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Because of the Pauli exclusion principle, it's extremely difficult to compress atomic matter beyond a certain density. It's not impossible, because there are always higher-energy electron states available, but there's a very strong force opposing it (called electron degeneracy pressure). This is what it means for space to be full. If you define "empty space"...


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A charged particle like electron maybe is point-like (of radius zero), but it is "long-handed" as it is "felt" far away. In this sense it is not so "point-like".


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Although it's commonly said that fundamental particles are point particles you need to be clear what this means. To measure the size of the particle to within some experimental error $d$ requires the use of a probe with a wavelength of $\lambda=d$ or less i.e. with an energy of greater than around $hc/\lambda$. When we say particles are pointlike we mean ...


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Yes, elementary particles such as electrons and quarks (inside protons) are point-like or at least, their internal structure is incomparably smaller than the size of the atom. So the atom is mostly empty space. However, that doesn't mean that atoms may penetrate each other. Matter is impenetrable because of a combination of the uncertainty principle that ...


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Yes, you can in a vector theory. But in the SM you cannot do that because of the chiral structure of the model: $l_L \sim \mathbf{2}$ but $e_R\sim (e^c)_L\sim \mathbf{1}$. So you need a scalar which transforms as $\mathbf{2}$.


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The upper limit you mention reflects the hypothesis that photons in vacuum could have some tiny rest mass. But it seems to be more important that c is the velocity of massless particles such as photons in vacuum. However, there is no real vacuum in the universe: Not only that even in outer space you will always find some interstellar atoms. But also, the ...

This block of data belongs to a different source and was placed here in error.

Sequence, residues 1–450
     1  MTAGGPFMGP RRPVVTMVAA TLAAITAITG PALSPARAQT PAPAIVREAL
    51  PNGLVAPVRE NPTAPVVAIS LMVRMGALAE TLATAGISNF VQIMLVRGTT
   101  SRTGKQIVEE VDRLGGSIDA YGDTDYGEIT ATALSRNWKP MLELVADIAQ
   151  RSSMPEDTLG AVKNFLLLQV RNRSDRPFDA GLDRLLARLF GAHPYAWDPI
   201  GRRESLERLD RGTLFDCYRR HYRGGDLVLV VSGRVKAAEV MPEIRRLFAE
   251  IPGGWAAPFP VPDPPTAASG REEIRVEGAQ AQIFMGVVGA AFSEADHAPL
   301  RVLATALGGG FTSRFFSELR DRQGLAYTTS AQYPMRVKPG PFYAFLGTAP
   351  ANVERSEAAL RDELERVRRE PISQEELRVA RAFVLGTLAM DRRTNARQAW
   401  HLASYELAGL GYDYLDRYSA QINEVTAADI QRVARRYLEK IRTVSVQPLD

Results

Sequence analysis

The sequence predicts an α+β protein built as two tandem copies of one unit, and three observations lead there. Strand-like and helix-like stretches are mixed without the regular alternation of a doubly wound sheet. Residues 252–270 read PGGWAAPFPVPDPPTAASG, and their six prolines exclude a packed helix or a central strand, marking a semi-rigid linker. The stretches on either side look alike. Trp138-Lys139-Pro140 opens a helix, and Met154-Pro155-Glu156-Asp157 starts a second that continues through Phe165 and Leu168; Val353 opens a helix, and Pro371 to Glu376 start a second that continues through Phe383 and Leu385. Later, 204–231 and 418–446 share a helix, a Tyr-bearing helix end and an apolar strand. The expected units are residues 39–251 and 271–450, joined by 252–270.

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We can't measure to infinite precision; so even if a particle had in fact zero mass we couldn't experimentally measure it to the infinite precision needed to justify this; which is why certain amount of judgement is called for, and that judgement is made in the context of a theoretical framework. The second point to make is that all particles with zero rest ...


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Because glueballs have energy, and $E = m c^2$ says that energy is equivalent to mass. (Or another way to say it is that if you "zoom out" far enough that you can't see the constituent gluons that form the glueball, than you just lump all their energy into an effective glueball mass.) The energy can be thought of as just being the kinetic energy of the ...


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If you had a gas of photons in a perfect cavity and these photons had energy $E~=~h\nu$, then for $N$ photons the cavity would have a mass $m~=~Nh\nu/c^2$ of photons. Glueballs as similar. The gluon carries two color charges (really color plus anti-color) and they can interact with each other. This forms a self-bound system that confines the massless gauge ...


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Because in relativity the mass of a collection of particles is not necessarily the sum of the masses. Even two photons (treated as a unit) can have mass. Consider the total four-vector of a system with component four-vectors $(E,\hat{z}E/c)$ and $(E,-\hat{z}E/c)$. It has mass $(mc^2)^2 = (2E)^2$.